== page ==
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Can I summarize this as "using variables that haven't been compiled to store those lists"? And for my new added sample, the realization of this method is to change {ez, hy} into something like ez2 = ez; hy2 = hy? –  xzczd Dec 25 '13 at 4:42
    
@xzczd Yes, that's about right. And if the return values are to be stored in e2z and hy2, then I think the answer to your second is yes, too. –  Michael E2 Dec 25 '13 at 4:52
    
"perhaps in your actual use case, the cost is not too much." Your guess is right, I tested this method with my new added samples and it's surprising that the external call doesn't cause a significant speed-down. Maybe it's because it just happens at the end of the code in my specific case? –  xzczd Dec 25 '13 at 5:46
    
@xzczd Yes, it's single call for each array. It's repeated external calls, or if somehow the arrays get unpacked (or maybe a few other things), that can really slow down a compiled function. –  Michael E2 Dec 25 '13 at 5:50
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As far as I know, the only case where this is possible is for compiled functions with RuntimeAttributes -> Listable. Example:

testComp  = 
   Compile[{{lst, _Integer, 1}}, lst^2, RuntimeAttributes -> Listable]

so that, for example:

testComp[Range /@ Range[4]]

(* {{1}, {1, 4}, {1, 4, 9}, {1, 4, 9, 16}} *)

I am not aware of other situations where CompiledFunction may return ragged lists.

share|improve this answer
    
Er… my case is a little different, my a1 and a2 isn't irrelative (see my added sample above) so I can't take advantage of RuntimeAttributes -> Listable. –  xzczd Dec 25 '13 at 4:00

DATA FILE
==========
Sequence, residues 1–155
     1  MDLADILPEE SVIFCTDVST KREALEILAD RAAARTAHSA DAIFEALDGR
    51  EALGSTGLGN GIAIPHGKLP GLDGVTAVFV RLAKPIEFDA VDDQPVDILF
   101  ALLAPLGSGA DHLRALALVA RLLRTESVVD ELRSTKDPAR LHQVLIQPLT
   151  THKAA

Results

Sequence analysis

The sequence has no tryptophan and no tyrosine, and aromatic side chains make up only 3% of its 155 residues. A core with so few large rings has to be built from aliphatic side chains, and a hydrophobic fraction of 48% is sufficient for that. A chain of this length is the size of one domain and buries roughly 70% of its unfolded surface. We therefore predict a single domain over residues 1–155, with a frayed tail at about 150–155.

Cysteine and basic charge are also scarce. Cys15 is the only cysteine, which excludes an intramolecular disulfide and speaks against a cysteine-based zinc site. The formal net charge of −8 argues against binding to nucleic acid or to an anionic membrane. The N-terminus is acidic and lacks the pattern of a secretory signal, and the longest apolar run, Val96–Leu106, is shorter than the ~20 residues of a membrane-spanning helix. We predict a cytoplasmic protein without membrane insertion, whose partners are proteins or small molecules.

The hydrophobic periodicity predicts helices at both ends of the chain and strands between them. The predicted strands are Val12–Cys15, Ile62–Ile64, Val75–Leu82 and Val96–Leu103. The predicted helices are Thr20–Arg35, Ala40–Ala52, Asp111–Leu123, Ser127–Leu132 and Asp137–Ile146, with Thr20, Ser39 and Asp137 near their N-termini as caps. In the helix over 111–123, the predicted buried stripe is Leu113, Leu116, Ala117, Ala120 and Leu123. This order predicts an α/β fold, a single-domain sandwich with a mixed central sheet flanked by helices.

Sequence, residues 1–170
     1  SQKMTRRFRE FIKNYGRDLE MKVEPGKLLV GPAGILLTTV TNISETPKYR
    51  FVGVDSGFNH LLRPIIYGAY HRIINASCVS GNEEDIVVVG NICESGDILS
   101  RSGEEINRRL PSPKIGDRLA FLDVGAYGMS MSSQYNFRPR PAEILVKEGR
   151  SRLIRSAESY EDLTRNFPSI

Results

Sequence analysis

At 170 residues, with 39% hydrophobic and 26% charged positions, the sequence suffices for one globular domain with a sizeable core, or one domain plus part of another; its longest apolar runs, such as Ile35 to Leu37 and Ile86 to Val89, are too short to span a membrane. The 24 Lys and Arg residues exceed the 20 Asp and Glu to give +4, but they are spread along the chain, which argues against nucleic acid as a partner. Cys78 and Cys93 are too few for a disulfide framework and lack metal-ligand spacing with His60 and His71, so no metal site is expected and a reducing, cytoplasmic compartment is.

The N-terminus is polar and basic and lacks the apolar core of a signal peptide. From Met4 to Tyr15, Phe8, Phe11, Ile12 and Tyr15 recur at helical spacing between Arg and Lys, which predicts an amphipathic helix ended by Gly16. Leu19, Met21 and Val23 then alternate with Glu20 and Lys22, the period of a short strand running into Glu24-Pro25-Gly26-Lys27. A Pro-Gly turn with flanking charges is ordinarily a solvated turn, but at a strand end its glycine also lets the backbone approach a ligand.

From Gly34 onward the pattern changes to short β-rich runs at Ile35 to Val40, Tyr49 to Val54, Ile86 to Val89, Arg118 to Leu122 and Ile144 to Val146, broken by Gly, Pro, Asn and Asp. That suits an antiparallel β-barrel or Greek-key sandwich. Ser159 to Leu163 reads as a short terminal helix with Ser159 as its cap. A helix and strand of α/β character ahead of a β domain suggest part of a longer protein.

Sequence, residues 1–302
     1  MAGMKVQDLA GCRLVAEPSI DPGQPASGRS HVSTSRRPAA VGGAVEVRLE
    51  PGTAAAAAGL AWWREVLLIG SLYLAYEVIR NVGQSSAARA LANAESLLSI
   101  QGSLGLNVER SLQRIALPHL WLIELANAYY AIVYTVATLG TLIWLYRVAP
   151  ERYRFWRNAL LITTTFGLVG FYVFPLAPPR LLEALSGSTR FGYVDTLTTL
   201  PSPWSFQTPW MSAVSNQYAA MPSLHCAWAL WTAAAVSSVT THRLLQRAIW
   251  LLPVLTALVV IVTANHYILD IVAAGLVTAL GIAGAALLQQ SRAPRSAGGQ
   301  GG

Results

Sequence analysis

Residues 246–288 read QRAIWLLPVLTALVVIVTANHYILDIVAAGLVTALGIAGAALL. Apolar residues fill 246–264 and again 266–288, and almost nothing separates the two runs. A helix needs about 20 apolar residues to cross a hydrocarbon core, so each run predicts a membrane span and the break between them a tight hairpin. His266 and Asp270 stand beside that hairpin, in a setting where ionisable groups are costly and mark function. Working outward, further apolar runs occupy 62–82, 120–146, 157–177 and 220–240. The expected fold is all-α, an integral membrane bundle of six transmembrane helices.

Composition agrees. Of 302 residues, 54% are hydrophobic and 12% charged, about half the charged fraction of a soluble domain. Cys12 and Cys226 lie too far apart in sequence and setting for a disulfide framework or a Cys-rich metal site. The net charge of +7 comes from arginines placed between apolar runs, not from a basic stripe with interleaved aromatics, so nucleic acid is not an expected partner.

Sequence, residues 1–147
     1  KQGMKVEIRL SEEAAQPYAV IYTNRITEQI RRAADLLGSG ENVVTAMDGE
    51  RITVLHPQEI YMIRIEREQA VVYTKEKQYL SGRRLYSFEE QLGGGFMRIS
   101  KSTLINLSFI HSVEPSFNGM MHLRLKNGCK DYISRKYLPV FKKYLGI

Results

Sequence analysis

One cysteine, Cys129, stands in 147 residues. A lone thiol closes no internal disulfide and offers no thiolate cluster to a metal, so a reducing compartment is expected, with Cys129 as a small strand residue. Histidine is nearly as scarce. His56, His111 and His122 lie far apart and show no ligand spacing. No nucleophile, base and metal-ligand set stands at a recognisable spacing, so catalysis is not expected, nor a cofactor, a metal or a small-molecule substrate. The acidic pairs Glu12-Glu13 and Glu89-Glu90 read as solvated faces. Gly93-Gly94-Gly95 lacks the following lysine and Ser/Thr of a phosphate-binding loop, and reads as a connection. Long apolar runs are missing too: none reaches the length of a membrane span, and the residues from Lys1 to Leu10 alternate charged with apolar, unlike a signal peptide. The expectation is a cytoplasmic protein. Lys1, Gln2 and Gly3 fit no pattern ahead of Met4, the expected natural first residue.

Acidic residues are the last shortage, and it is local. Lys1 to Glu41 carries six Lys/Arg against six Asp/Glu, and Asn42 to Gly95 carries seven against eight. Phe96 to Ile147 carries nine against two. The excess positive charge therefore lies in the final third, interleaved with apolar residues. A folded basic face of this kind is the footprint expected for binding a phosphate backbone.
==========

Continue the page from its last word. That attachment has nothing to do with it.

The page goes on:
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2D update

Here is a way to make your example work with minimal overhead by joining the ragged output into a single larger list and storing the dimensions at the start and putting it back together with a post-processing function.

ie = 100; je = 100;
c = 1/Sqrt[2];
ez = ConstantArray[0., {ie + 1, je + 1}];
hx = ConstantArray[0., {ie + 1, je}];
hy = ConstantArray[0., {ie, je + 1}];

fdtd2d = Compile[{{steps, _Integer, 0}, {ie, _Integer, 
     0}, {je, _Integer, 0}, {c, _Real, 0}, {ez2, _Real, 
     2}, {hx2, _Real, 2}, {hy2, _Real, 2}}, 
   Module[{ez = ez2, hx = hx2, hy = hy2, ezdims, hxdims, hydims}, 
    Do[ez[[2 ;; ie, 2 ;; je]] += 
      c (hx[[2 ;; ie, 1 ;; je - 1]] - hx[[2 ;; ie, 2 ;; je]] + 
         hy[[2 ;; ie, 2 ;; je]] - hy[[1 ;; ie - 1, 2 ;; je]]);
     ez[[Floor[ie/2], Floor[je/2]]] = Sin[n/10];
     hx += c (ez[[All, 1 ;; je]] - ez[[All, 2 ;; je + 1]]);
     hy += c (ez[[2 ;; ie + 1, All]] - ez[[1 ;; ie, All]]), {n, 
      steps}];
    ezdims = Dimensions@ez;
    hxdims = Dimensions@hx;
    hydims = Dimensions@hy;
    Join @@ {{3, Length@ezdims, Length@hxdims, Length@hydims}, ezdims, hxdims, hydims, Flatten@ez, Flatten@hx, Flatten@hy}]];

positionindexer[data_] := 
 With[{accumulated = Accumulate@Join[{0}, data]}, 
  Table[{accumulated[[i]] + 1, accumulated[[i + 1]]}, {i, 
    Length@accumulated - 1}]]

postprocess[data_] := Module[{},
  output = data;
  numberofArrays = Round@First@output;
  output = Rest@output;
  numdims = Round@Take[output, numberofArrays];
  output = Drop[output, Length@numdims];
  dimpositions = positionindexer[numdims];
  dims = Round[Take[output, #] & /@ dimpositions];
  totallength = Times @@@ dims;
  output = Drop[output, Total@numdims];
  datapositions = positionindexer[totallength];
  dataflat = Take[output, #] & /@ datapositions;
  MapThread[ArrayReshape, {dataflat, dims}]]

postprocess@fdtd2d[1000, ie, je, c, ez, hx, hy]